Oddly, whoever was in charge of the chaptering with these interviews clearly should’ve been in charge of chaptering the film, as that only has 12, whereas McAvoy’s interview has 14 chapters, Baird’s has 6 and Welsh’s has 14.
- Deleted Scenes (8:26): Four of them here. The first two give McAvoy another chance to excel and would go great in the film, but as Welsh hinted in his interview, you could make the film longer by adding scenes back in but by the time you’d finish, it would be two hours long and there are parts that would start to sag a bit. Yes, I think the film needs tightening up anyway, but you get his point. There’s also Welsh’s cameo here, too, as a newspaper reporter.
Like the extended scenes and outtakes, these are presented in 16:9, as the film was clearly shot that way but with 2.35:1 intended as the theatrical ratio. One of the above also has a camera dolly track in shot which is obviously not meant to be seen in the finished film.
- Extended Scenes (15:50): Seven of them and they do exactly what they say on the tin.
- Outtakes (6:32): 14 scenes here where things don’t quite go to plan, including one from Irvine Welsh, as well.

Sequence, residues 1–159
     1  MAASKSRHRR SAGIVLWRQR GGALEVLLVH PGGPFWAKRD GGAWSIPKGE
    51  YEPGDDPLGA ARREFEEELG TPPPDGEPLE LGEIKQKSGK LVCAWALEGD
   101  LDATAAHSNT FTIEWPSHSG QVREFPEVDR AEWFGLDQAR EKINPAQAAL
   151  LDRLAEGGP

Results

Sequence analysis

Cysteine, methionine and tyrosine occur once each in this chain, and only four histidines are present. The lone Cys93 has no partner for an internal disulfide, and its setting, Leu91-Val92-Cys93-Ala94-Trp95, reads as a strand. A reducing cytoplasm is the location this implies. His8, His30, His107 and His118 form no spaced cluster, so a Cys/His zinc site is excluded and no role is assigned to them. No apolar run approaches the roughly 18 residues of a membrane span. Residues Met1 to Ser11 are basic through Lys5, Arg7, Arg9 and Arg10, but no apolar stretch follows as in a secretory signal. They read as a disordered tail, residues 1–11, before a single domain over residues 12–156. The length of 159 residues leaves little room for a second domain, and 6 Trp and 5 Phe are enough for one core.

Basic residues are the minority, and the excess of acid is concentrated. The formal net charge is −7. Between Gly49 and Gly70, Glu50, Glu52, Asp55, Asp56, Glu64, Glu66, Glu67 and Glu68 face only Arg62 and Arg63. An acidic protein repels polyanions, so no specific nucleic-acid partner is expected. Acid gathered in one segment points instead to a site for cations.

- Audio commentary: with author Irvine Welsh and writer/director Jon S. Baird.
As you put the disc in, the menu appears with an animation of James McAvoy riding a pig on the left-hand side of the screen, while snippets from the film play on the right-hand side, and a piece of the backgroung music. There are subtitles in English, but when it comes to the chaptering, I feel one should come every five minutes on average. Lions Gate, like many other distributors, go for a low 12 however long the film. I would like them to increase this number.
The one thing missing from the extras is a trailer and I advise you to check out this superb PG-rated movie trailer below:
Running time: 97 minutes
Released: February 10th 2014
Picture: 1080p High Definition
Sound: 5.1 DTS-HD Master Audio
Widescreen: 2.35:1 (Super 35)
Disc Format: BD50
Director: Jon S Baird
Producers: Mark Amin, Christian Angermayer, Jon S Baird, Will Clarke, Stephen Mao, Ken Marshall, James McAvoy, Jens Meurer, Celine Rattray and Trudie Styler
Screenplay: Jon S Baird (based on the novel by Irvine Welsh)
Music: Clint Mansell
Bruce Robertson: James McAvoy
Ray Lennox: Jamie Bell
Bladesey: Eddie Marsan
Amanda Drummond: Imogen Poots
Mary: Joanne Froggatt
Dr. Rossi: Jim Broadbent
Bunty: Shirley Henderson
Ocky: Iain De Caestecker
Size Queen: Pollyanna McIntosh
Bob Toal: John Sessions
Peter Inglis: Emun Elliott
Gorman: Martin Compston
Chrissie: Kate Dickie
Carole Robertson: Shauna Macdonald
Punter: David Soul
Gus Bain: Gary Lewis
Stephanie Donaldson: Bobby Rainsbury
Diana: Tracy-Ann Oberman
Anna: Natasha O’Keeffe
Hector: Ron Donachie
Reviewer of movies, videogames and music since 1994. Aortic valve operation survivor from the same year. Running DVDfever.co.uk since 2000. Nobel Peace Prize winner 2021.